Most of the diverse VR- and video/box simulators do not offer defined curricula and those that do, are based on limited data with limited validity [21]. In order to examine the effect of MIS training on surgical performance in clinical trials, it is important to use validated, standardized and thus comparable training programs [31]. Furthermore, goal-directed proficiency-based training has been demonstrated to increase trainee motivation, including attendance to the curriculum’s schedule, entailing better performance in comparison to training without defined objectives [31], [32]. In the current study we used the LTB curriculum for the acquisition of MIS skills. In order to find widely accepted implementation face, content, construct, concurrent and predictive validity should have been demonstrated for the given device and curriculum [26]. So far, face, content and construct validity could be shown for the LTB curriculum. The goals for each of the six tasks of the LTB curriculum are based on a benchmark-study with n = 15 MIS experts followed by a prospective validation study with n = 30 novices [6]. The current prospective randomized trial could further verify the gain in MIS performance due to the LTB curriculum in a real surgical environment and cover the important aspect of predictive validity of the LTB curriculum.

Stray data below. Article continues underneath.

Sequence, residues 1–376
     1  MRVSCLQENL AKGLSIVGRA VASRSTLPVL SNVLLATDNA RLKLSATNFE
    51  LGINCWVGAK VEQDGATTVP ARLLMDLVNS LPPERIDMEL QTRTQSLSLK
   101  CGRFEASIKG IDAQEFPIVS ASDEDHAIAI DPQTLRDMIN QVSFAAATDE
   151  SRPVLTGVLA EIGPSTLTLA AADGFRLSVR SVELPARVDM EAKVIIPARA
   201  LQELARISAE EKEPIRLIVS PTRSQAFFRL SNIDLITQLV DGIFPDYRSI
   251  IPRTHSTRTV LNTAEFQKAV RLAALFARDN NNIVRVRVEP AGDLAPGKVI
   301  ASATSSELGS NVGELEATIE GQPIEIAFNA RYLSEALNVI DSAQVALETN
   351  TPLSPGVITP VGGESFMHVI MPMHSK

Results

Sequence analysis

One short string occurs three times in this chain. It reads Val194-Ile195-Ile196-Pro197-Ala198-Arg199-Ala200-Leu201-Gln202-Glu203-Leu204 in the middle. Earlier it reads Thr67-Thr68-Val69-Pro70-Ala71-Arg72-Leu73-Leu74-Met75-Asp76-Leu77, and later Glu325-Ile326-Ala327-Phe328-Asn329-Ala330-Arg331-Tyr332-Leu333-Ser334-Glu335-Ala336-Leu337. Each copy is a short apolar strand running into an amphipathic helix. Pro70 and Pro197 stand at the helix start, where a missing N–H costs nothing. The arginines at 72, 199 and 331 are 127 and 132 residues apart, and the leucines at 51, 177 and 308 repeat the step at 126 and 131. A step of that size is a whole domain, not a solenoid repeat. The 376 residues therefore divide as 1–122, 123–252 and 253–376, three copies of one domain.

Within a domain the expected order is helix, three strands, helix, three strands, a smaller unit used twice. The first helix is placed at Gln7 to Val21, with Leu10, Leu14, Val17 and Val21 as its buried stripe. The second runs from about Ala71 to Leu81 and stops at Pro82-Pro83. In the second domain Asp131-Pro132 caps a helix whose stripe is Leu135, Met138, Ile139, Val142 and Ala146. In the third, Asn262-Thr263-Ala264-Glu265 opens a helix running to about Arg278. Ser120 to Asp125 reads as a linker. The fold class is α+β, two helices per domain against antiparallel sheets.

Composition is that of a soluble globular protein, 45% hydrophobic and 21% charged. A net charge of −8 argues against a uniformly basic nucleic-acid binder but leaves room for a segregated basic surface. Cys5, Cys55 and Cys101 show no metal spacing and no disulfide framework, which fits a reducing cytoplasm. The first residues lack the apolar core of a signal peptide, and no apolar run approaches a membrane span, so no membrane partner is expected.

At this point, we see the following possible limitations of the study: The participants will be not blinded, but will be informed in which group of the study they will be assigned to and know the course of the study. This could have an influence on the MIS performance of the participants (performance bias). Furthermore, the 5th domain of the GOALS-score (autonomy) will be determined by the attending surgeon assisting the laparoscopic CHE of the participant as first assistant. Since it is logistically almost impossible to blind the attending surgeon to whether the study participant had been randomized to undergo the curriculum or not, especially in smaller hospital units, the attending surgeon knows which intervention a participant received and which MIS procedure (CHE I or CHE II) has been performed, when determing the 5th domain of the GOALS-score (detection bias). This could have an influence on the evaluation of the GOALS score overall. However, a potential digital recording of the verbal interactions between the participant and the attending surgeon, which would also allow a blinded analysis of the 5th domain of the GOALS score, is technically and logistically demanding and almost not feasible in a multicentric setting. There are data that direct assessment of MIS skills predicts the qualification of a surgeon more accurately than a video-based assessment [33]. However, it should be considered that direct raters may use different evaluation methods, thus introducing variations in ratings [33]. In the current study, the fact that the study is being conducted in a multi-centre setting could additionally lead to relevant differences in MIS assessments. And, direct observers onsite would know in which arm of the study the participants were randomised and which surgery was performed (CHE I versus II), which could have an influence on evaluation of MIS performance. For these reasons, we decided against a direct evaluation on site and favoured a blinded video analysis.